The discussions on the Cyprus issue are getting increasingly heated as the presidential election draws near. The rightists, especially the Dem-ocratic Party (DIKO) of which Greek Cypriot President Tassos Papado-poulos was the chairman, are claiming that comments suggesting a bi-zonal and bi-communal federal state as a solution to the Cyprus issue are made to damage the trustworthiness of the president.
It seems that Mr. Papadopoulos is suffocating from the offensives built up on his fruitless Cyprus policy and for dragging the Cyprus issue to a dead end because of his ideologies still resting on the conditions of the 1950s.
Each candidate plays a different tune on the federation concept. Arch-bishop Hrisostomos II, who is not a politician but an ecclesiastic, also joined the band playing his own tune on the federal solution for Cyprus issue. He made an official call and asked the Greek Cypriots to gather around DIKO. He also commented that the “Cyprus problem” is the only political subject the Cyprus Orthodox Church is fighting about.
These comments of Hrisostomos II clearly show that the Cypriot church is politicized and mixing politics with spiritual matters. According to Hrisostomos II, when Archbishop Makarios signed the 1977 top-level agreement with Denktas there were no settlers from Turkey, and Greek immigrants were supposed to return to the northern territories and Turkish Cypriot immigrants to the south.
As the Greek Cypriots would return to the north, the population ratio would change in favor of the Greeks, and the majority would again be Greek Cypriots in the north as well as the south. The movement of Turkish Cypriots who fled to the north in 1974 heading back south would only contribute to a Greek majority in the north. So by this me-thod the majority in both sections of the island would be Greek Cypriots and, according to Hrisostomos II, this is why Makarios signed the agreement.
In fact he also accepted the intervention right of Turkey as a guarantor government as mentioned in the 1960 Cyprus Treaty of Guarantee. Of course no Greek politician mentions this.
When I read this information, I suddenly remembered a picture taken on Feb. 12, 1977 right before the official meeting producing the 1977 top-level agreement. I haven’t forgotten this picture in the last 30 years, and has it stayed in my memory as fresh as the first day. In this picture Makarios sits in an armchair in the left corner of the photo and looks directly into the camera. UN Secretary-General Kurt Waldheim sits in the middle and is focused on a point somewhere below the camera. Denktas is in the right corner and sits on an armchair, looking to his left with a smile on his face. The reason why I remember this picture so well was the look on the face of Makarios. It was mealy and had no connection at all to visage of the Makarios of the 1950s, 1960s and 1970s, which tended to be lofty.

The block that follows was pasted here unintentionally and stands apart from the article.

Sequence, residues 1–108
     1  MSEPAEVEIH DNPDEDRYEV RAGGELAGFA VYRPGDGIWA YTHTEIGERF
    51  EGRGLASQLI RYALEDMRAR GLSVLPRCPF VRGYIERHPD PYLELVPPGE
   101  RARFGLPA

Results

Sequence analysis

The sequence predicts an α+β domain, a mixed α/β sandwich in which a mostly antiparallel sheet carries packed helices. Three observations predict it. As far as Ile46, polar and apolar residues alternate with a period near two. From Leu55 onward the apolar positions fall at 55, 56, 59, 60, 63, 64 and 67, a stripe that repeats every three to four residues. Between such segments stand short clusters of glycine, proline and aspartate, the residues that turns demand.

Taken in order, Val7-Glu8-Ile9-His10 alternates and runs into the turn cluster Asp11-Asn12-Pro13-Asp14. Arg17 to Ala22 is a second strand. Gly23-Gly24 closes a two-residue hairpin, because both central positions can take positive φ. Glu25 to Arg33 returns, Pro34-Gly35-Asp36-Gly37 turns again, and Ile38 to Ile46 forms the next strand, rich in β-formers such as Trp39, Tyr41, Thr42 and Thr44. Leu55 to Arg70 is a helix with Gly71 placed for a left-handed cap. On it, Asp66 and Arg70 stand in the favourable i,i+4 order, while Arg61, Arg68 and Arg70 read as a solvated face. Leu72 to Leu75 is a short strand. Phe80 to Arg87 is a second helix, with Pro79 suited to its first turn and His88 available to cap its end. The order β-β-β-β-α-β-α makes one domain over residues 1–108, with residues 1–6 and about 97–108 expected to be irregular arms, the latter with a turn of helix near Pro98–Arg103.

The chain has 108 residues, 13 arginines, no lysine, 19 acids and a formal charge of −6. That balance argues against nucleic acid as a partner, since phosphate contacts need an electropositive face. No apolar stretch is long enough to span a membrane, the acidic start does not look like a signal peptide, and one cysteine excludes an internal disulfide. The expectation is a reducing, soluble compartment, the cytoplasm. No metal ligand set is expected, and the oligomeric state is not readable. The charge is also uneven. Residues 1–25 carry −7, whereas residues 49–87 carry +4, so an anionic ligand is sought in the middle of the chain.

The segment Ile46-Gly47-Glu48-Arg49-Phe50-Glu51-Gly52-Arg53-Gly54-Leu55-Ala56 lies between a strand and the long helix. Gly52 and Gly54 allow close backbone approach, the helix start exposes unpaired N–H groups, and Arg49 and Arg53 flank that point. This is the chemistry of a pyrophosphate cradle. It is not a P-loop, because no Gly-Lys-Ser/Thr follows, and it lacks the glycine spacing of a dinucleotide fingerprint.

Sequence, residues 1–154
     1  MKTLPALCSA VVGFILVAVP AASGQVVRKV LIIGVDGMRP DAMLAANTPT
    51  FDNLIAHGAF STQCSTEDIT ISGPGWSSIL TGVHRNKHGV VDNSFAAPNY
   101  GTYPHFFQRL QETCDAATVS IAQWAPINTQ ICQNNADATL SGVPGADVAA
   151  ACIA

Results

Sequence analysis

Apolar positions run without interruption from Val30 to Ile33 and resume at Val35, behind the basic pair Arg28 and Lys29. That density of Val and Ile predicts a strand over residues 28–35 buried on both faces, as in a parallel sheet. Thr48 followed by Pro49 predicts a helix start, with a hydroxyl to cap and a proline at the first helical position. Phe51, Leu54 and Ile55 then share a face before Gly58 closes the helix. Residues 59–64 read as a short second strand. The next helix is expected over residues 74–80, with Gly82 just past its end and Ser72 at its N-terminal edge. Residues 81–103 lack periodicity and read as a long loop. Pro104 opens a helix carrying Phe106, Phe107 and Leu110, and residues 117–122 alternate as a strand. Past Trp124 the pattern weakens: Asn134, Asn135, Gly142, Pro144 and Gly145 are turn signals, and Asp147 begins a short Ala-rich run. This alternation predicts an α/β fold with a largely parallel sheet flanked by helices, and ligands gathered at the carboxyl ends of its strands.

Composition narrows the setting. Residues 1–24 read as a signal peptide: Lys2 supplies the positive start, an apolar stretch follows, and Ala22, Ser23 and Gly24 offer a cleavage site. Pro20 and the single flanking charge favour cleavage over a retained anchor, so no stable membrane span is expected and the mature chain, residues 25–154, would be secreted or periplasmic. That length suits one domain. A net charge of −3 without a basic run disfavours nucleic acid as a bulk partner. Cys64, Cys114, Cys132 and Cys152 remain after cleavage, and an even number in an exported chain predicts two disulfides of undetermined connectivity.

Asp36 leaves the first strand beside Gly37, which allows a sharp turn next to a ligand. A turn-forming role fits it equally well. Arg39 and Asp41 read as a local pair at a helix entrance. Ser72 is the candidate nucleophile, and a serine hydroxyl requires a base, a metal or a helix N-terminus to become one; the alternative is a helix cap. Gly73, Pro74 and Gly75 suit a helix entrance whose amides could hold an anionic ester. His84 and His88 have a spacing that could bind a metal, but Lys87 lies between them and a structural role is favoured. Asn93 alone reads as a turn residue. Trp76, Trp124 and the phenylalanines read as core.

The look on Makarios’ face in this picture was totally different than the one taken on Jan. 1, 1960, when Makarios was declaring the invalida-tion of the 1960 Cyprus Agreement, or when he was signing the “cease-fire” agreement with Dr. Fazıl Küçük on Jan. 7, 1964 as if he was a triumphant commandant, or even the one taken on July 26, 1967, in the Greek Parliament right after the unanimous acceptance of an “enosis” resolution, when the look on his face was of the “eternal hero of the Hellenic world.” The look on his face right before the official meeting of the 1977 top-level agreement was not related at all with the face of the vainglorious Makarios during the genocide period for Turkish Cypriots or the dark years between 1963 and 1974.
His face bore the look of a defeated, deplumed hen. In fact he did not live long after signing the top-level agreement with Denktas, passing away a couple months later from a heart attack.The agreement he signed with Denktas consisted of four items that laid out the framework for a bi-zonal, bi-communal federal republic, including the intervention right of Turkey as a guarantor government as mentioned in the 1960 Cyprus Treaty of Guarantee. Spyros Kyprianou and Papadopulos were both hand-in-hand against his signature, claiming this agreement would pave the road to partition on the island.
For the next 25 years, the Greek Cypriots pretended as though they were negotiating on the basis of the 1977 agreement, all in the hope of gaining time to solidify their position being recognized as the only gov-ernment of Cyprus. Now all the three candidates are calling for the Turkish Cypriots to discuss the “federation” as a solution to the Cyprus issue despite having never mentioned it for the past 30 years.
Of course, the “federation” in their minds is totally different than the federation concept in the minds of the Turkish Cypriots. While Greek Cypriots seek a solution, including the withdrawal of Turkish troops, return of the so-called “settlers” and cancellation of the guarantor rights of Turkey, the Turkish Cypriots think the opposite. With the still-fresh bitter experiences of 1963-74 in their minds, they insist on the presence of the Turkish military, their Turkish collateral on the island, and particularly on solid guarantees for Turkey. They no longer trust the Greek Cypriots.